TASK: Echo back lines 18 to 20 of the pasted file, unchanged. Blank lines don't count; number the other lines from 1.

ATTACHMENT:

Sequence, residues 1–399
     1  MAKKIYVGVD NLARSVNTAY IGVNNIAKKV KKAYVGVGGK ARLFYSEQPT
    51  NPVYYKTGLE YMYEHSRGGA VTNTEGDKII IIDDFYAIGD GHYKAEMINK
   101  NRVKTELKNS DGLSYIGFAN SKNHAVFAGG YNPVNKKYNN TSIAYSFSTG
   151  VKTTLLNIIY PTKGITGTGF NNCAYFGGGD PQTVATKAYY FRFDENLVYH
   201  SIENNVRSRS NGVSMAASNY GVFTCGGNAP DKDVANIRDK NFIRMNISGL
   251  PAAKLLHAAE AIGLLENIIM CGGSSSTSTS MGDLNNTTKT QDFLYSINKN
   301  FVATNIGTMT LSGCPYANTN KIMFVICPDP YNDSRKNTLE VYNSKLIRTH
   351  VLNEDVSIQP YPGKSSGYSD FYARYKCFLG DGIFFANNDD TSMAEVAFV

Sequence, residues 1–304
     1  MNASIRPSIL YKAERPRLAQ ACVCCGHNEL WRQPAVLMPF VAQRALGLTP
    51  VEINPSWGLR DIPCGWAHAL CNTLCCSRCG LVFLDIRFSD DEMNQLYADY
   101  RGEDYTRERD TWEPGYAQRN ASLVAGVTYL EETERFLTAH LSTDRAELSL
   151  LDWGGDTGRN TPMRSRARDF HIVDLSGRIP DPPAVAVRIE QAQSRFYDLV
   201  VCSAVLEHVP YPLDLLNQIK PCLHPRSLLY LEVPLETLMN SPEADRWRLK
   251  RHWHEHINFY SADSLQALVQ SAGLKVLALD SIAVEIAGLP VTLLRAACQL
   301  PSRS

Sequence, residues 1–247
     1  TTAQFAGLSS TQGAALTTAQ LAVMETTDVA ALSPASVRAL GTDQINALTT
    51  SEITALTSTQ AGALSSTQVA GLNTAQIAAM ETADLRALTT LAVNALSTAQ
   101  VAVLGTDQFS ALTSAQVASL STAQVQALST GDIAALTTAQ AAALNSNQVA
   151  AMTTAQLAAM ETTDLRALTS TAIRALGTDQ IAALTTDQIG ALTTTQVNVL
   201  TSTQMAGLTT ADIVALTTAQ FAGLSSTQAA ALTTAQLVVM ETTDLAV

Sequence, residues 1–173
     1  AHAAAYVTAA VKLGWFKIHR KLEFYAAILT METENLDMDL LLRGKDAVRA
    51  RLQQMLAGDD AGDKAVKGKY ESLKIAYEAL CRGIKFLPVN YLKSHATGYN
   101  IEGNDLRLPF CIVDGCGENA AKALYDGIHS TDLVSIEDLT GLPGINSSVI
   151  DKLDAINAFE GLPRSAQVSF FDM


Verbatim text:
Sequence, residues 1–247
     1  TTAQFAGLSS TQGAALTTAQ LAVMETTDVA ALSPASVRAL GTDQINALTT
    51  SEITALTSTQ AGALSSTQVA GLNTAQIAAM ETADLRALTT LAVNALSTAQ